Late last Friday evening, Persimmon Pines Police finally got a break in a case they'd been trying to solve for more than a decade. Persimmon Pines Police Chief Candy Stazniack, announced through her spokesman, Commander Tee Yun Kim, that Police had arrested Plunker Landing resident Guy DeChamois, 51. He was arrested on the 4th fairway at the Slippery Meadows Golf Course after witnesses saw him bolt from a hiding place behind a large rock and scoop up a Golf ball that had just been hit from the 7th tee by the Chief, herself. She later reported: "I saw this little Frenchy guy dart out and grab my ball while it was still rolling. So, I called for back-up and nailed him in the woods."
DeChamois, the Owner of Le Chat en les Chapeaux - Un Parisienne Haberdasherie, was booked on suspicion of aggravated ball-hawking and possession of Golf ball stealing equipment. Specifically, Police say, he was found to be in possession of several plastic shopping bags full of new and slightly used Golf balls.
DeChamois' Court-appointed Attorney, Patricia Ulyee, Daughter of longtime Hooking Hills Starter Nat Ulyee, said her client is "innocent, unless he hasn't told me everything - or, the Chief of Police is telling the truth." The Prosecution argued DeChamois was a flight risk and Judge Orson E. O'Hall agreed - ordering the Defendant held under house arrest until trial next January.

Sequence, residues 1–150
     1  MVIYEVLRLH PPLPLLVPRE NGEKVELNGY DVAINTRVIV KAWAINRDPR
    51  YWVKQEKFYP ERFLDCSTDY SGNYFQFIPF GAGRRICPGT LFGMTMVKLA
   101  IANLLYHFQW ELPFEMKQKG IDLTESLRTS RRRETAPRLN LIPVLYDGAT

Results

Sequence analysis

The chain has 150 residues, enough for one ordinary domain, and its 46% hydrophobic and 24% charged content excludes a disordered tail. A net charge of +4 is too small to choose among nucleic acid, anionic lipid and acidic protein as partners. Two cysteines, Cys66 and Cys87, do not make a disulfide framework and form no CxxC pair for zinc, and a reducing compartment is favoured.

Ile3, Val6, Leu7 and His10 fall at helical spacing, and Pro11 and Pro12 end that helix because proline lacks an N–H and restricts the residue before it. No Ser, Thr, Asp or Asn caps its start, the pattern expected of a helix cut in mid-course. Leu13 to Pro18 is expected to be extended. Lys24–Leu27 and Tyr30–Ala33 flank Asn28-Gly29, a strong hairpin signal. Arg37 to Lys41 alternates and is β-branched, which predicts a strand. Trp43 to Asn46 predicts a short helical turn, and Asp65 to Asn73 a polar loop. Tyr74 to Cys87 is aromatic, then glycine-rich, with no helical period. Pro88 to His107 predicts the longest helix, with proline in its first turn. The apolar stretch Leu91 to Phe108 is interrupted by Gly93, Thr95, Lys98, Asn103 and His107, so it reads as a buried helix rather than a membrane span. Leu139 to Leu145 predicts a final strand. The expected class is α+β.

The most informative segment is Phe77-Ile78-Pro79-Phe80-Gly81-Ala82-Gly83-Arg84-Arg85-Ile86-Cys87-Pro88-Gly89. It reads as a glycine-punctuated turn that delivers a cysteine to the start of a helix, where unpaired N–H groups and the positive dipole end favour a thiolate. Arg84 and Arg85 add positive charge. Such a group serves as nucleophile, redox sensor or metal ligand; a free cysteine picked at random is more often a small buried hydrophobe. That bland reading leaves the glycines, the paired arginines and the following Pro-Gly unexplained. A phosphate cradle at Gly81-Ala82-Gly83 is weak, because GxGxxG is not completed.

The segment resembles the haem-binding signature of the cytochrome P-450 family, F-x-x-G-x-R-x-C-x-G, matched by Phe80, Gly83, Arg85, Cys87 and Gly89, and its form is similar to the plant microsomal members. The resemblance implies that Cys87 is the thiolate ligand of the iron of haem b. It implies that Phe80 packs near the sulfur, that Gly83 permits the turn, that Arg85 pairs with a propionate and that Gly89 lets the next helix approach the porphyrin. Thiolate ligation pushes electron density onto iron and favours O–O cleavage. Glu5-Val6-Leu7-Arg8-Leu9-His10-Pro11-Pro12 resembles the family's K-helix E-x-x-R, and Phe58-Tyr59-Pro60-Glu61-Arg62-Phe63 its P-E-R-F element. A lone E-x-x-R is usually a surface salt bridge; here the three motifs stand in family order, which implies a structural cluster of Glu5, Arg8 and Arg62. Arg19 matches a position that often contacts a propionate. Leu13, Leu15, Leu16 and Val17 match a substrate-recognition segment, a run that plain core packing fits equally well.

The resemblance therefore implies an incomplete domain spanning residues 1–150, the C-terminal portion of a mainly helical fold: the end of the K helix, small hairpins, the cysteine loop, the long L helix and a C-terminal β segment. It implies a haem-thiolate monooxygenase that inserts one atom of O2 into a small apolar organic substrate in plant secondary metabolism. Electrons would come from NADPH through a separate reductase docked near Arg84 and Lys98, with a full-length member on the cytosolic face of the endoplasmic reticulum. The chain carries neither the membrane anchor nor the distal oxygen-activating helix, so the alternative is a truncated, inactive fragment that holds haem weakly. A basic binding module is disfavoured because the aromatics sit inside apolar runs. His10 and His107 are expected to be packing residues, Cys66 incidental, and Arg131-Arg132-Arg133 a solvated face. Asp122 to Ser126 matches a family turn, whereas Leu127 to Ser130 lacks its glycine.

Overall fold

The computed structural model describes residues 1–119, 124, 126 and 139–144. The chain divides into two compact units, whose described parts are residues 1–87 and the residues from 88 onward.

For Readers unfamiliar with the history of this case, it had its genesis in April, 1984 when a 911 call was answered by then Patrolman Candy Stazniack and her ride-along partner, Cadet Tee Yun Kim. The pair was parked in a secluded area of Valley Heights Country Club "staked out for perps." Valley Heights Head Pro Snoot Dockery reported members had lost several golf balls in the "Poor Man's Elbow" section of the course which borders the condo community known as Traylor Acres. Stazniack recalls the incident and said she and Tee "threw yellow crime scene tape all over that Golf Course and closed it down for days. But, forensics turned up nada." (That’s a foreign word meaning, “nothing.”)
Over all the years since the first report of lost golf balls, DeChamois has lived here in Traylor County. Plus, Police reports indicate several Golf Course sightings of "a flamboyantly dressed man in the woods."
Since this column is entitled "Golf Beat," this Reporter decided to pay a visit to the Defendant in the case at his home just off State Road TT, along the banks of the Plunker River.
Guy DeChamois, a short man, well known in this area for his wiglet and his extravagantly colorful clothing choices, readily invited me in. He is out on bail; and, views his house arrest ankle bracelet as a fashion accessory. We sat down in the Den of his home over glasses of imported wine and some unidentifiable cheese (definitely NOT American Cheese) and he told me his story.
"I have a sale going on right now at Le Chat in les Chapeaux. So, the day I was, how you say 'arrested,' I was wearing my merchandise - a bright yellow shirt covered in red flowers - and a very hip pair of purple pants we are selling for only $35.00, don't you know?"
I nodded. "Nice pants."
"Merci. So, after a hard day of selling the pants et. al., it was important for me to get the exercises. You see?"
"So, you're saying you were not at the Golf Course on any kind of nefarious mission?"
DeChamois nearly choked on the large sticky mass of cheese he had just bitten into. "Mais no!" He coughed and stood. "Excusé moi. I must get a, how you say, 'napkin.'"